But “lesser degree” is relative. Amila, for example, found himself in a very uncomfortable spot after his manager found out that his gender at birth had been different.
Everything had worked well at first for Amila, who was a data-entry officer at a multinational company. But then his birth certificate was shared with his manager so that he could be registered for employee benefits.
“When I returned to work next, the people who laughed and spoke with me earlier started giving me the cold shoulder,” Amila recalls.
In Sri Lanka, when altering the birth certificate following a gender transition, an amendment is added to the existing document; the birth gender and the subsequent transition are thus seen by anyone who handles the birth certificate.
Sometime after his manager was handed his birth certificate, a document Amila had worked on was tagged as having incorrect data. According to Amila, all entries were correct before he submitted the document. He asserts, “It was a set-up. The changes could only have been done by someone to sabotage my work after I uploaded the report to the secured server.”
Amila says that his supervisor was also surprised when the manager informed them of the errors, since the supervisor had signed off on the document before it was uploaded.
Together with his supervisor, Amila then logged onto the server in an attempt to investigate how the changes were made. “It was made by someone in Bangladesh, and only my manager could have shared my password,” he says. “Because this was confidential work, not even the supervisor had my password.”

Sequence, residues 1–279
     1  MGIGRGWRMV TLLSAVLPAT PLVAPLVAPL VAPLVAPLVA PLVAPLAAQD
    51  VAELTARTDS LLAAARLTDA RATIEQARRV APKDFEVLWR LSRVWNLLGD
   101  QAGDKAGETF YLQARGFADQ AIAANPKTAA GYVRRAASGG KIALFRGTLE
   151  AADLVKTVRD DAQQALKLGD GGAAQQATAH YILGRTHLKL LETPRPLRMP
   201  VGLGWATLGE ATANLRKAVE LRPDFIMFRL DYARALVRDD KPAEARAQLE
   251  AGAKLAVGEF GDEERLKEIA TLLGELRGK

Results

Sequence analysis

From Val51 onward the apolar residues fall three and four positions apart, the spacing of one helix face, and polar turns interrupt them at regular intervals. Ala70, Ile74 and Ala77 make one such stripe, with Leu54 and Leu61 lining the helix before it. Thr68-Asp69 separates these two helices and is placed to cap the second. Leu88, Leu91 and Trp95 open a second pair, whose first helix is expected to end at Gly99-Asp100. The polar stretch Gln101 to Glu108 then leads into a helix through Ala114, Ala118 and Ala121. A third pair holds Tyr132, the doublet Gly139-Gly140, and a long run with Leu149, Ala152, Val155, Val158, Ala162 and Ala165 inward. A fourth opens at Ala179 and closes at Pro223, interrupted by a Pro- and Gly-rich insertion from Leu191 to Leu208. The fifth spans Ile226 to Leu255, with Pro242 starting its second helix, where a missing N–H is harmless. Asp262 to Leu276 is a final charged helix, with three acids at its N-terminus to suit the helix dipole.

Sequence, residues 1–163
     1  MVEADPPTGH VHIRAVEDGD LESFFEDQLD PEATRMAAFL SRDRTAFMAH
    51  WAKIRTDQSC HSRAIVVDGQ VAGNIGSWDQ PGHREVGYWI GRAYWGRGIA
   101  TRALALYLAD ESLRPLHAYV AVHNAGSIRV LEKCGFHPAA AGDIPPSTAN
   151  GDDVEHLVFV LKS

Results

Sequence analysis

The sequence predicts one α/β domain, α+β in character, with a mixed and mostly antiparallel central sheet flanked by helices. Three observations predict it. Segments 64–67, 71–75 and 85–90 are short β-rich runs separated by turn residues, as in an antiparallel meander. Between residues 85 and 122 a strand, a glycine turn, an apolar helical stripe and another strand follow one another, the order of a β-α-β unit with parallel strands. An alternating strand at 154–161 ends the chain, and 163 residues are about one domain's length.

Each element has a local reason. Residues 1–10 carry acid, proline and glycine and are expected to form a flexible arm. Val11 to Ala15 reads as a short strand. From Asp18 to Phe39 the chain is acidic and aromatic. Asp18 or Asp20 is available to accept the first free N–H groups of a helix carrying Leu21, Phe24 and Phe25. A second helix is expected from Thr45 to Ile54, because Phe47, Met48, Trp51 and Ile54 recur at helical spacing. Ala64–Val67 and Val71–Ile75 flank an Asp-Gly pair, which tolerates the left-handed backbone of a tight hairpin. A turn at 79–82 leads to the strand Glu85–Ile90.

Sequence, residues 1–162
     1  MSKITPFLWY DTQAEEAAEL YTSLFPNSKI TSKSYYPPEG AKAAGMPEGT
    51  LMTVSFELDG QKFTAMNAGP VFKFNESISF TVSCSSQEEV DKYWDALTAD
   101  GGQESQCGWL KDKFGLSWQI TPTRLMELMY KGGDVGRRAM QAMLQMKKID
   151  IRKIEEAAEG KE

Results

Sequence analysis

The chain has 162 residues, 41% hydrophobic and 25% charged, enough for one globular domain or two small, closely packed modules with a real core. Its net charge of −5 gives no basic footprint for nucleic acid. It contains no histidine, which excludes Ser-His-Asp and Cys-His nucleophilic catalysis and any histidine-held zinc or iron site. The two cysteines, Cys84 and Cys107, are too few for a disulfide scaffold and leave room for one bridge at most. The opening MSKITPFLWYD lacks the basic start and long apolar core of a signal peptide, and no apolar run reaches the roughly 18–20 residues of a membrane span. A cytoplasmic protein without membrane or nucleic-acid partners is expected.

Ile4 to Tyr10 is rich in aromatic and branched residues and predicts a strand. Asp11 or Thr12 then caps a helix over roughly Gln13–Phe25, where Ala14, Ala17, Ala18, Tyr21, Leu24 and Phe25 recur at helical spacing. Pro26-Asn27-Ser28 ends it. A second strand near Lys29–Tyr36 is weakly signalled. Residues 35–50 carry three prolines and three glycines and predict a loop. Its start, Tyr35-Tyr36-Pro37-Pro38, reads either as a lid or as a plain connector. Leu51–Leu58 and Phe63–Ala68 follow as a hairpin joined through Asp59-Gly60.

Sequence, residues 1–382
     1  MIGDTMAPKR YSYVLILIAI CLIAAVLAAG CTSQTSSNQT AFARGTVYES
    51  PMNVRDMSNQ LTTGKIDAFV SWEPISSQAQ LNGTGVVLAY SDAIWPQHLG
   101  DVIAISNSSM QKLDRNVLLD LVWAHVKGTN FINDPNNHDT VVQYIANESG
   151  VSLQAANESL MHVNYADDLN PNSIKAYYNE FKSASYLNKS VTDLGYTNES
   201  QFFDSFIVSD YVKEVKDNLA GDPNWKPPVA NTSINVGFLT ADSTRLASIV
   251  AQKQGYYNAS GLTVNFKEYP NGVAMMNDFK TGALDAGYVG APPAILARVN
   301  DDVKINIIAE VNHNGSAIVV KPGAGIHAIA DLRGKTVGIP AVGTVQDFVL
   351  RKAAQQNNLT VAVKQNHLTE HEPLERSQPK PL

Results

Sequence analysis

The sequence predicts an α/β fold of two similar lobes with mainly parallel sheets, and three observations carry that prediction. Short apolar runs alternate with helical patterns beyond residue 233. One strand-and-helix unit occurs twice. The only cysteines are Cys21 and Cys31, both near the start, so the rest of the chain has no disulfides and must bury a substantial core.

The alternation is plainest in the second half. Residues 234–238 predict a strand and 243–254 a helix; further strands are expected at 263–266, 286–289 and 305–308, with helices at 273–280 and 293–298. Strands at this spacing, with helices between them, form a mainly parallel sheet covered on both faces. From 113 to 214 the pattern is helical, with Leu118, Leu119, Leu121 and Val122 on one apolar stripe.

Amila decided to leave his job soon after. “I realized that things would only get worse for me,” he says, adding that he had no understanding or backing to take any legal action at that point.
What many trans individuals are unaware of is that workplace incidents such as those experienced by Amila and Sarala are in violation of their fundamental rights. Then again, even those who are aware of such remain reluctant to pursue justice. Trans individuals, after all, are stigmatized in the conservative Sri Lankan society, with many shunned by their own families. There are also many societal barriers, some far too high for a single trans individual to jump.
“For the last 41 years that this constitution has ruled, no one has sought this kind of recourse,” says Aritha Wickramasinghe, referring to legal remedies to trans individuals’ workplace problems.
The Equality Director of iProbono, an organization providing access to justice through free bono legal services, Wickramasinghe also says that while legal remedies appear to exist, they are unavailable for practical purposes.
Sri Lanka does not have an equal opportunity law, or a non-discrimination law, which would hold private employers accountable for discrimination, says Wickramasinghe. Instead, the best available legal instrument is the constitutional guarantee of fundamental rights. These rights, however, can be enforced only against the state, and not against private companies.
Wickramasinghe points out as well that while a Supreme Court ruling declares that a violation of fundamental rights by another private person should allow an individual to seek recourse in the District Court, there appears to be no clarity in this process. This may be why employers do not find it hard to force out trans individuals or do nothing when other employees bully them.